Why Goldman Might Sell its Loans at a Discount

The Breaking Views column in today’s WSJ features a column

by Lauren Silva originally published last Thursday. "Can Goldman Win on

Debt?" is the headline on the piece, which asks whether Goldman Sachs is

"about to turn the credit crunch to its advantage".

The problem is that the mechanism Silva’s talking about doesn’t seem to be

any more profitable for Goldman than if the bank simply kept all its unsellable

debt on its balance sheet. Basically, the bank buys debt from itself at 85 cents

on the dollar, recoups "a third of its original loss" if the debt

rises to 90 cents, and "would eliminate its loss" if the debt goes

all the way back to par. Well, yes: if you issue debt at par and it’s worth

par, then there’s no loss.

It seems to me that the Goldman plan, if Silva’s description of it is accurate,

is an attempt not so much to turn the credit crunch to its advantage, so much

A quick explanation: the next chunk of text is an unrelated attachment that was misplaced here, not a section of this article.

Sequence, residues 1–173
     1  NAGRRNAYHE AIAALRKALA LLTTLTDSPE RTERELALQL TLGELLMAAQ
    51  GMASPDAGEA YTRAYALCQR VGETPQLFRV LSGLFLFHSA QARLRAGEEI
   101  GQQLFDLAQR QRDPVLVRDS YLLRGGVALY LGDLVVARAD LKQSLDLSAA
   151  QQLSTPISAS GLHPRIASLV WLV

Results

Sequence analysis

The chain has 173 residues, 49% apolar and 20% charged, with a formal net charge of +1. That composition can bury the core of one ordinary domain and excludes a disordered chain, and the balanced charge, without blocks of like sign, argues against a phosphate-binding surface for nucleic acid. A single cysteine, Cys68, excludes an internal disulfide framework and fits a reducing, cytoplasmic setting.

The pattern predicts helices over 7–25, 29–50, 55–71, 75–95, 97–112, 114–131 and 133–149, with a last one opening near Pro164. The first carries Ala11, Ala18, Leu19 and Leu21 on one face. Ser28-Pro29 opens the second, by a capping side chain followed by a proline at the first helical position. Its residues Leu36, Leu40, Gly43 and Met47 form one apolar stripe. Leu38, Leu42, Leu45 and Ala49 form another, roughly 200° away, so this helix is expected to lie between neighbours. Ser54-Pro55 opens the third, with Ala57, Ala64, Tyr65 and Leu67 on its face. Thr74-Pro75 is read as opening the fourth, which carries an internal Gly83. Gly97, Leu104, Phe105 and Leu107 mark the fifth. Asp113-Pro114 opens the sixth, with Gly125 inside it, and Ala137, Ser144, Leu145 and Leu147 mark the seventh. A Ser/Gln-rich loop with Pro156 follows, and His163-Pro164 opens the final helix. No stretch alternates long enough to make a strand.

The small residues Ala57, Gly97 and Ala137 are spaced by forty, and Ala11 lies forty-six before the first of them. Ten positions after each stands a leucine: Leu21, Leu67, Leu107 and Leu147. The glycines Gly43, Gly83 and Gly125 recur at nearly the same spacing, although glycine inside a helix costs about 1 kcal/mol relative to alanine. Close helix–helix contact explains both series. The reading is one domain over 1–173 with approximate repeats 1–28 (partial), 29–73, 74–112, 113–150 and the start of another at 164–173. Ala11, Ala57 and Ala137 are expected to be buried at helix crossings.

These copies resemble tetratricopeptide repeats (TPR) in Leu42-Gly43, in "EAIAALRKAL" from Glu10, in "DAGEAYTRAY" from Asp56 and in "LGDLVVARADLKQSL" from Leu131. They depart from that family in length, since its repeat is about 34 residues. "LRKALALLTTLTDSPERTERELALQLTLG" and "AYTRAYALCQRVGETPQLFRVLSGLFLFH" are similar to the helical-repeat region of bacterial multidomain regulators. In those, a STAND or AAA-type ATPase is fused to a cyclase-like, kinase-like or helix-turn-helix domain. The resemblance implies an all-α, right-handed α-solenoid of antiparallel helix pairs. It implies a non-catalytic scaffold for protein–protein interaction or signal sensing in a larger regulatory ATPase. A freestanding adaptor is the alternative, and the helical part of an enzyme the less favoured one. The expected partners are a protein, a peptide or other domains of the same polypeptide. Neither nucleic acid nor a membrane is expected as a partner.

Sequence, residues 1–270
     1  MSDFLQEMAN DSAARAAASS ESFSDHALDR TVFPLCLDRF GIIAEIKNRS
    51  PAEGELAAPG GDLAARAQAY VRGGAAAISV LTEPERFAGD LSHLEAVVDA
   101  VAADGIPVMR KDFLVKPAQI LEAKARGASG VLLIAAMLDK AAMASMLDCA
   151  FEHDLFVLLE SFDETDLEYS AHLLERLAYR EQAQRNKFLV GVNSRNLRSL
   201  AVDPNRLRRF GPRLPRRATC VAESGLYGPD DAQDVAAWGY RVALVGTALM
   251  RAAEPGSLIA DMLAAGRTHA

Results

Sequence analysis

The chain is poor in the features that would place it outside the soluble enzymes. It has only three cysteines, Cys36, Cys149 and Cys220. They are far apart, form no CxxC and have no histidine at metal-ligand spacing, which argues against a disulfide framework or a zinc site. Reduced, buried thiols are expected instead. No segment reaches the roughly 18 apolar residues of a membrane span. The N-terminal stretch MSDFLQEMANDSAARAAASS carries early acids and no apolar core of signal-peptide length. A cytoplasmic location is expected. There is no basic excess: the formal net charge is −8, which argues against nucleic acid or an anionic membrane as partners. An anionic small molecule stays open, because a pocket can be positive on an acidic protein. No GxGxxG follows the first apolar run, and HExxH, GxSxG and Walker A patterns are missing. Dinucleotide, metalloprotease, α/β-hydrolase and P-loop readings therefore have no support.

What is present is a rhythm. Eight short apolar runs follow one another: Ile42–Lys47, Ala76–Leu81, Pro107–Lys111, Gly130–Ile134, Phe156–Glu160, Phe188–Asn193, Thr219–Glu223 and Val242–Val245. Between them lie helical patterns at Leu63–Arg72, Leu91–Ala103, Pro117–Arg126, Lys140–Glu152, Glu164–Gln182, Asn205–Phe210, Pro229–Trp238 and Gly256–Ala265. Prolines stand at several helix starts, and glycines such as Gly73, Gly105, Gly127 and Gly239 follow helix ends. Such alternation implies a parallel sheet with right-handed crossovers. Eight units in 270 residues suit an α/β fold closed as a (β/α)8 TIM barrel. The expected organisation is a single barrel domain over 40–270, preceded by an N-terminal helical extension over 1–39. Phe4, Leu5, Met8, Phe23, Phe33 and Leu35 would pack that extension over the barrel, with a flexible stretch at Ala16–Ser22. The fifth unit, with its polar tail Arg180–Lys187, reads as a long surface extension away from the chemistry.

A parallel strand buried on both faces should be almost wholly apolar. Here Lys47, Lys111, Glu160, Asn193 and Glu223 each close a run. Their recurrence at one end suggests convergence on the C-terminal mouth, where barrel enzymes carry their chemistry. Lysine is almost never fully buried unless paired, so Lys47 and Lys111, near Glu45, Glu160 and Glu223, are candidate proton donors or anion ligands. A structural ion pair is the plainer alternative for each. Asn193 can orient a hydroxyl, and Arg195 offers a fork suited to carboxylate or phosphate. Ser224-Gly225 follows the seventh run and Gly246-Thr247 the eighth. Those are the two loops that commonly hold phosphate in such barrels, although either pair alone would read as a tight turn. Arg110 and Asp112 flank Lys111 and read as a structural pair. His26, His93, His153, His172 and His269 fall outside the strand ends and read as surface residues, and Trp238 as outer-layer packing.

as to limit its own downside if things get a lot worse. Goldman’s upside, in

Silva’s plan, is essentially identical to its upside if it kept all its debt

on its balance sheet. But its downside is much smaller: just 17% of face value,

rather than 85%.

Goldman’s share price seems to be stabilizing around a price-to-book ratio

of 2, which is not bad for an investment bank in the midst of a credit crunch.

My guess is that Goldman reckons that its losses on the loans it’s underwritten

are already baked in to its share price, and that taking an up-front charge

to move those loans off balance sheet will actually go down quite well among

its equity investors. The scheme does seem to be a way of moving risk from Goldman’s

shareholders to an as-yet-unspecified group of lenders. Which raises an obvious

question: who are these lenders?

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